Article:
Friday 25 November 2022

Rhapsody in Bird

Is there some kind of cartoon law that studios must use Liszt’s Hungarian Rhapsody No. 2? Warner Bros. did. MGM did. Walter Lantz did. UPA did. Even Charlie Mintz did.

And so did the Fleischers.

In A Car-Tune Portrait (1937), a portentous lion conductor poo-poohs the idea of “foolery and clowning,” and suggests this short will be full of “dignity and art.” Well, it starts out that way, as we see members of the orchestra in silhouette, and the conductor in shadow, seriously following King Ross’ arrangement of the classical standard (although a dachshund is supposed to be playing a xylophone but the soundtrack has a string instrument).

Of course, it’s a Fleischer cartoon so things fall apart with the entire orchestra attacking each other and the conductor tearing his hair (fur?) out at the finish.

About half-way into the cartoon, an annoying, odd-looking bird shows up. A tuba player tries to cover him, but he keeps popping out of little doors that open from nowhere.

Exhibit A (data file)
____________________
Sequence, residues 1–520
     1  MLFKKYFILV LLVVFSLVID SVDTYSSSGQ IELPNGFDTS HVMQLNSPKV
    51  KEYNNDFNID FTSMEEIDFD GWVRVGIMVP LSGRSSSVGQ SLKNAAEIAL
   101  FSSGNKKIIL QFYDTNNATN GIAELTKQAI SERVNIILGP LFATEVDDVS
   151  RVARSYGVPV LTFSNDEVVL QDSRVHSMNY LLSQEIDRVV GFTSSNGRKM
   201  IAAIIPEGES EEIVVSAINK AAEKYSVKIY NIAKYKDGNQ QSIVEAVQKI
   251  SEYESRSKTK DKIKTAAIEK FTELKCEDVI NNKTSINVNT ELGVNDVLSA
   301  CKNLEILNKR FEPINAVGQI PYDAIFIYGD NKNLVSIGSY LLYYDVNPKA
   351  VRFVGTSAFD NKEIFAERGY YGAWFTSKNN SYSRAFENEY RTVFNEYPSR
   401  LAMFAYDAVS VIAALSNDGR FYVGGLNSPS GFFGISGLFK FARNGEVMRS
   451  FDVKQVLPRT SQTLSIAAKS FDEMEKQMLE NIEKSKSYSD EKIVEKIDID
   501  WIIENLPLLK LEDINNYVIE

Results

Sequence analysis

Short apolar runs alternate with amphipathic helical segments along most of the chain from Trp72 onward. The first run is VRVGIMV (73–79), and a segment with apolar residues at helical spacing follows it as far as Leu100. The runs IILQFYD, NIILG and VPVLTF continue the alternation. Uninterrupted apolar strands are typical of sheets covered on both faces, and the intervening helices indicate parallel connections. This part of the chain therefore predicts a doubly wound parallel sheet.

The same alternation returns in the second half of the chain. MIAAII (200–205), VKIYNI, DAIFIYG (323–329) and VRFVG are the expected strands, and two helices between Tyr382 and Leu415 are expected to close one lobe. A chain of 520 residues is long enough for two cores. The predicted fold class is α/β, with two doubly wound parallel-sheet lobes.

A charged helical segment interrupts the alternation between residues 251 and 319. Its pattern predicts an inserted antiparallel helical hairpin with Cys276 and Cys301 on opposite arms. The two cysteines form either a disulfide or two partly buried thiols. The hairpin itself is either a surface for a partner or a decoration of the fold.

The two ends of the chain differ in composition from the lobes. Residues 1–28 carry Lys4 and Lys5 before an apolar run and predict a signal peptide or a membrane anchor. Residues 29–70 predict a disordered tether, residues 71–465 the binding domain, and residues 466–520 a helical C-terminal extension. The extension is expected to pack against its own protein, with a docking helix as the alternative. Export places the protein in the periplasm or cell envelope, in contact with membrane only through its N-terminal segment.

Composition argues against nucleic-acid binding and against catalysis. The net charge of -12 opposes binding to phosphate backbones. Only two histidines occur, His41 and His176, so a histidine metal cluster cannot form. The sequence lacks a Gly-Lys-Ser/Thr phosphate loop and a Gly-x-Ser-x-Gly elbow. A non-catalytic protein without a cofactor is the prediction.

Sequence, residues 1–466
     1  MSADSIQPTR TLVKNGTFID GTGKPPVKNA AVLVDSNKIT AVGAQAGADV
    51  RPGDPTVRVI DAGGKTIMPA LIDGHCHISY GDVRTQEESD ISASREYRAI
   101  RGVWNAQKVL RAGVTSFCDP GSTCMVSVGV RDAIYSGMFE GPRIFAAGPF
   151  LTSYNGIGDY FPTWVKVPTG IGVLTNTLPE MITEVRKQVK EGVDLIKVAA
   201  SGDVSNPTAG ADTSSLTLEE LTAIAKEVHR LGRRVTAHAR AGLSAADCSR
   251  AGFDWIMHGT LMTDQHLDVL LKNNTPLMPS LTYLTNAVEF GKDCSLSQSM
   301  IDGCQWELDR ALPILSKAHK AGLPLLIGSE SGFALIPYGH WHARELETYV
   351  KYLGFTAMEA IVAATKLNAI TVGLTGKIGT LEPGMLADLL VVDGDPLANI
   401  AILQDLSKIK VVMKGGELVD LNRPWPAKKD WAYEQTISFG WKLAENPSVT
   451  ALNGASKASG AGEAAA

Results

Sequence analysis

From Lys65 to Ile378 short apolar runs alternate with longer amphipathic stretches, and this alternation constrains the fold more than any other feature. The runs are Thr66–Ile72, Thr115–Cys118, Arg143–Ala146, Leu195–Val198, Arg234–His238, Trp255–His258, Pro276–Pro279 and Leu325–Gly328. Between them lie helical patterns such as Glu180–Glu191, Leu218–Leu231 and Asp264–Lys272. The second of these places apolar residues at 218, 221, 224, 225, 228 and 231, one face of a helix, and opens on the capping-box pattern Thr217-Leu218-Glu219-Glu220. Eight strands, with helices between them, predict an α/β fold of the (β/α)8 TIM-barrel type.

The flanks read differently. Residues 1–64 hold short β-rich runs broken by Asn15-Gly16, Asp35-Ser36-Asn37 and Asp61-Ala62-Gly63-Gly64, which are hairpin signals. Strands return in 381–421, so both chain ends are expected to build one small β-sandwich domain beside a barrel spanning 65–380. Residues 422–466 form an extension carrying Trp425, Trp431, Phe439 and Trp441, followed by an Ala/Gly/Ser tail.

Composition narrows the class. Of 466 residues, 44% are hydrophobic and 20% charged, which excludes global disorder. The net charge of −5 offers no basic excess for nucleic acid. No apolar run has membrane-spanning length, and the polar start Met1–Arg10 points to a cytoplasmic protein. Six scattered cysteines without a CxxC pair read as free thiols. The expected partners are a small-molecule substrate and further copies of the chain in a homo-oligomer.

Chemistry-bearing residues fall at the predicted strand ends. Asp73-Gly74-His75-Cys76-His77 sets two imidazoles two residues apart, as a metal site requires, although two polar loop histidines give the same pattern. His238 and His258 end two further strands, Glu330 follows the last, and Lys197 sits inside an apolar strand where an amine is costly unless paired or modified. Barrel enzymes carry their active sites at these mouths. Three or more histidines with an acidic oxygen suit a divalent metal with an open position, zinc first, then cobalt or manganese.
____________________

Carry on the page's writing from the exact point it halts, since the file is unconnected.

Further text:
He gets kicked into the air. Musicians throw instruments at him. Finally, he gets violently batted around with a violin and his head becomes stuck inside a bass.

Now an old cartoon rule is brought into play: any character filled with air starts floating up. In this case, the bird turns into bagpipes before being punctured by a bee and dropping onto the head of a bass player. He does a crazy-legged dance, turning in circles on the gorilla’s head.

Another musician bashes the goofy bird with his instrument, then all the orchestra members jump on top of each other for a destructive finish to the cartoon.

Nick Tafuri is the credited animator for the actual director, Dave Tendlar. The uncredited lion conductor is, to my ear, Alois Havrilla, who voiced travelogues for Van Beuren during the mid-‘30s in addition to various radio announcing jobs. Unlike Liszt’s rhapsody, Havrilla only appeared in this one cartoon to my knowledge.

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